Summer Hires- Culture

Part 1: Accessibility is Necessary

Often when we talk about accessibility we really mean designing for disability, but accessibility is so much more than that. To begin let’s discuss what modern accessibility looks like and how it benefits all users.

Accessibility in 2016


At Something Digital we approach design in a unique way. We purpose to make the user experience meaningful and personal for all users. With more people shopping online now than ever before we face myriad challenges when approaching an accessible design: everyone from the permanently disabled to the temporarily disabled; from an amputee purchasing running shoes to a mother holding her newborn in one arm and purchasing diapers with a free hand via her mobile device – designing for all means we have to keep a number of things in mind.

With personalization becoming more and more prevalent on ecommerce sites it is important for us to consider how users of all abilities access our stores. Consider this: if an able-bodied person deserves to have a personalized experience on your site, shouldn’t a differently-abled person have a personalized experience, too.

Equitable Experiences

Our aim is to provide accessible site experiences that give equity to the users. Not all users use all site features, after all, so the bulk of our investment in accessible design is centered around the conversion funnel. This extends beyond the Product Detail Page and Checkout, though. It includes newsletter signup, promotions, and site search, too.

When we talk about equitable experiences we don’t intend to make the experience unified for everyone – but rather provide additional support where it is necessary for those who need it. For instance, semantic HTML tags are a great start overall, but sometimes additional Aria tagging is necessary (stay tuned for Part 2 of our series for more on Aria). For screen readers the most important element of site design is the ability to maintain focus. When a link is clicked and displays a modal, for instance, focus should be moved to that modal. Once dismissed focus should then be returned to the prior link or text area that it was stolen from.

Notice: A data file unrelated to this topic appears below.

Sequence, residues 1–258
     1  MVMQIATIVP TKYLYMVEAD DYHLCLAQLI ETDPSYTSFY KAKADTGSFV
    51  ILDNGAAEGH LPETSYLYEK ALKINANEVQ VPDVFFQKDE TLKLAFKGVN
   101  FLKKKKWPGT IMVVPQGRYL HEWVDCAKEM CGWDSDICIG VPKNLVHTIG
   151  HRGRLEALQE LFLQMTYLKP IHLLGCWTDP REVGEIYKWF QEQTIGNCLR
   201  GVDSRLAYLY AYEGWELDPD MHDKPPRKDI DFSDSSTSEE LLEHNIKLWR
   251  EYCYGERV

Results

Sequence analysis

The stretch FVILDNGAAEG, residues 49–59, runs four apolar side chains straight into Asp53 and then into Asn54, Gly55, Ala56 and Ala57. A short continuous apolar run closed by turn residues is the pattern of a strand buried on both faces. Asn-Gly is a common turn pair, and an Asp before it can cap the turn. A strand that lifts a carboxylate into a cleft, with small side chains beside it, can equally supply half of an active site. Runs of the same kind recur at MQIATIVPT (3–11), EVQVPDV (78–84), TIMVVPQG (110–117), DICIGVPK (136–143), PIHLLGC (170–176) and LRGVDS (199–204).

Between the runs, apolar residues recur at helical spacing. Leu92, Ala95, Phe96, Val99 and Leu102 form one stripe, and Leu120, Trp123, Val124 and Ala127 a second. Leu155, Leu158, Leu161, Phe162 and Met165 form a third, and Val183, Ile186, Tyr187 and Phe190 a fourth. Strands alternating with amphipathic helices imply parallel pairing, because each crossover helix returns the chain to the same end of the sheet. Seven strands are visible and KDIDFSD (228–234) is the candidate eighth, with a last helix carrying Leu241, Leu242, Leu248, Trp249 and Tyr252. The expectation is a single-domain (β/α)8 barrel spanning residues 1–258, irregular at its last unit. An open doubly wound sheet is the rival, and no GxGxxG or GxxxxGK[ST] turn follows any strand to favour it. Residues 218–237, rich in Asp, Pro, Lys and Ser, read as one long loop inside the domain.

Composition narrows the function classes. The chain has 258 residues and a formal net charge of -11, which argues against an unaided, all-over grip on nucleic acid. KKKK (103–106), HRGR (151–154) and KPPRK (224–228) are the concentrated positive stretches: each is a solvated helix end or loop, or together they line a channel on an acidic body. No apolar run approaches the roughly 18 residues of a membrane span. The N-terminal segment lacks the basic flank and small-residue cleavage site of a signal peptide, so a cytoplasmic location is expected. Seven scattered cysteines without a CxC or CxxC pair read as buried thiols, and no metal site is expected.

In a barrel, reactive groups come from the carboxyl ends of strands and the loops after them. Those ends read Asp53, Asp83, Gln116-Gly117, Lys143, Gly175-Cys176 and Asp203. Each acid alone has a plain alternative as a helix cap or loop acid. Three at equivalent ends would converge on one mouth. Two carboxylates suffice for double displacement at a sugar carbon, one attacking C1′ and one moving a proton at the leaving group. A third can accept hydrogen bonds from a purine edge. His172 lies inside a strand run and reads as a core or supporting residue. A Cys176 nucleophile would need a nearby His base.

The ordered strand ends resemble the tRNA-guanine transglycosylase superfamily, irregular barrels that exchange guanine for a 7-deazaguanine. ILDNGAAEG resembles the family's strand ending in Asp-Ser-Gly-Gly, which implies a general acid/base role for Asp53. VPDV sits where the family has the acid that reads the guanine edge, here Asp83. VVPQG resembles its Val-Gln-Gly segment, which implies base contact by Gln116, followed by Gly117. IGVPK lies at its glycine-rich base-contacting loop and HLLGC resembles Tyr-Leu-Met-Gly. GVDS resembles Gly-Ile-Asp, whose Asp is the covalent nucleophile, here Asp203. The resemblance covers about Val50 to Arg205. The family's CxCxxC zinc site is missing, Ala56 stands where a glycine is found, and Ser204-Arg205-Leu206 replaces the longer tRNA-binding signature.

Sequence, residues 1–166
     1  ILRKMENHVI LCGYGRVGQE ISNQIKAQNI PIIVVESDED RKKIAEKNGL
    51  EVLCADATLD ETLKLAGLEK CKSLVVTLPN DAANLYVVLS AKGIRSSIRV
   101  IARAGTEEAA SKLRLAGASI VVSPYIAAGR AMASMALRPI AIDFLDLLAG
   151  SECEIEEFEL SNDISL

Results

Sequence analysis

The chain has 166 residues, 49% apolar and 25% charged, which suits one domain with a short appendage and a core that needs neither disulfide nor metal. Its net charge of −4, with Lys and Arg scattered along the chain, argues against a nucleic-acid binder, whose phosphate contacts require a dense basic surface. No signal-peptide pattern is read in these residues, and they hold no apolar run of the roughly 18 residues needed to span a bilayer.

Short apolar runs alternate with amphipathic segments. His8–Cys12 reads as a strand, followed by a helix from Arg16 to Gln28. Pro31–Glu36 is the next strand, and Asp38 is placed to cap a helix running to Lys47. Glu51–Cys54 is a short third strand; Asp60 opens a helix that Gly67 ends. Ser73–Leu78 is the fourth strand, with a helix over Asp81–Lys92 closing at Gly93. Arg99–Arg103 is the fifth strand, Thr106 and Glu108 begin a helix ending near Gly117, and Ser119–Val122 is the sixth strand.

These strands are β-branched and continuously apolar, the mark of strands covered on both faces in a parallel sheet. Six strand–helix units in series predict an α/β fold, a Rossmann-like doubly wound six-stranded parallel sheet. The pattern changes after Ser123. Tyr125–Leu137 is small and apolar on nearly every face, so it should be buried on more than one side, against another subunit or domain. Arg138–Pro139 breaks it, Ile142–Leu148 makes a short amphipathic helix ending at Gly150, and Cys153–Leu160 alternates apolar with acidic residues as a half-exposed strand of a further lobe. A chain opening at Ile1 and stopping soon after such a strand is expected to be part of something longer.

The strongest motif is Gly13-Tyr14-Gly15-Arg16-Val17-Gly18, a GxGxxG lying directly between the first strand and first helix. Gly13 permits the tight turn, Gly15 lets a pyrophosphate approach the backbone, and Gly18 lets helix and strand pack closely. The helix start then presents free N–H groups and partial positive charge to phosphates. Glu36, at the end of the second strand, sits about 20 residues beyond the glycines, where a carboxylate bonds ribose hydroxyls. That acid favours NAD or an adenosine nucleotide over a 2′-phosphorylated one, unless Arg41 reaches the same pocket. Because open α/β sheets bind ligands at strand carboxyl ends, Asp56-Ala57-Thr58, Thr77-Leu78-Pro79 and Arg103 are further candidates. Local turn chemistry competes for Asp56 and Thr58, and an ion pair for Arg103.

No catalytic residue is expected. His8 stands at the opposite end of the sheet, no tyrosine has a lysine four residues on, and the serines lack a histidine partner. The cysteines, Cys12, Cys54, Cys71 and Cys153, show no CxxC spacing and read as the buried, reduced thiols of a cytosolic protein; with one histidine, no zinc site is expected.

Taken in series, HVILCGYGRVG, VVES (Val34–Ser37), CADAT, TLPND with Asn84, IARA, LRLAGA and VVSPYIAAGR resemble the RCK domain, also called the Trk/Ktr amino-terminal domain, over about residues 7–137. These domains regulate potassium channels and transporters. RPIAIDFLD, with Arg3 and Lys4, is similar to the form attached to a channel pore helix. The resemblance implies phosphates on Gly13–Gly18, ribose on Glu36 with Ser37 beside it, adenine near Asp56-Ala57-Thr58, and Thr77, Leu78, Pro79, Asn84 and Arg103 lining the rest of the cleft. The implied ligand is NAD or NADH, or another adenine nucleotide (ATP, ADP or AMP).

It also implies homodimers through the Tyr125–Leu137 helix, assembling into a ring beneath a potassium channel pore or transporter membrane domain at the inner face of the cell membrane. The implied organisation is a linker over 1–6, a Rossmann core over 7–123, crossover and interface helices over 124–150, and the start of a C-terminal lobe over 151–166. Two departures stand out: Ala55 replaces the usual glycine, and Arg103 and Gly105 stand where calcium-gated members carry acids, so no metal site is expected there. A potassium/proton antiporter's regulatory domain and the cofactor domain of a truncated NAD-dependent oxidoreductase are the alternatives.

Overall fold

The easy road would be to remove these types of difficult to navigate use cases altogether. However, it is these types of accessible features are there for those who need it, and are transparent to those who do not, that embodies equitable accessibility!

Disability isn’t always permanent

Mobile Touch Graphic

Designing for accessibility gives all users the ability to have the same experience when shopping on your site. A person with temporarily diminished eyesight will benefit just as greatly from an accessible website as another person with a permanent impairment. Not all abilities require medical or physical conditions. Using a mobile device in bright sunlight or after a few too many to drink can be just as difficult has having reduced vision.

By approaching font-size and color contrast in an accessibility-first design exercise we make sure that all users have the same experience.

By replacing iconography with simple text instructions mobile users can greatly benefit from the smaller page sizes. By implementing common keyboard navigation techniques to menus web crawlers such as Google can understand and prioritize navigation structures on your sites. By testing our designs with browser plugins that emulate common colorblindness we can find potential issues with conversion, such as drawing attention to your Call to Action.

Designing for Accessibility is just good business

Chart and Arrows

At Something Digital we’re also finding that businesses who invest in an accessibility-first approach to design are making an investment in the future. Many State and Federal laws in North America and Europe are becoming more and more sensitive to the needs of disabled citizens. Large Enterprises and Small to Medium-sized Businesses alike are facing ADA and Section 508 lawsuits in courts today in the United States. While the courts battle these issues in the United States we’re already beginning to see rules begin to form in Europe.

Like with most things an ounce of prevention can be worth more than a pound of cure. Rather than face potential litigation now we often advise merchants to engage in an accessibility exercise and add it to your compliance calendar as part of your IT and Marketing organizations.

While you improve your site’s accessibility many sites also see an uplift in traffic and conversion as a result, offsetting the initial investment. While no amount of implementation can completely indemnify a web store owner in the event of a lawsuit, taking a proactive approach and becoming familiar with the requirements of ADA and WCAG 2.0 is a good exercise for digital marketing team.

Obvious and intentional approaches showing proactivity likely play well when settling disputes.

What can I do to become compliant? 

You can begin by performing a quick check of your site! There are many tools online to test simple ADA guidelines like font size and colors. Read more about the

You can get started with a quick self-assessment. After that we at Something Digital would love to talk with you about a UX audit and an Accessibility primer.

If you haven’t yet make sure to sign up for our email list and we’ll keep you up to date as we progress in this series!

What can I expect from Part 2 of the Accessibility Series?

In part 2 we will discuss the engineering challenges that surround accessibility and how you can utilize Magento to create a store that can be shopped by all of your customers.


Phillip Jackson

A multi-instrumentalist, Phillip is an avid collector of vintage guitars, keyboards and amplifiers and has a home studio located in West Palm Beach.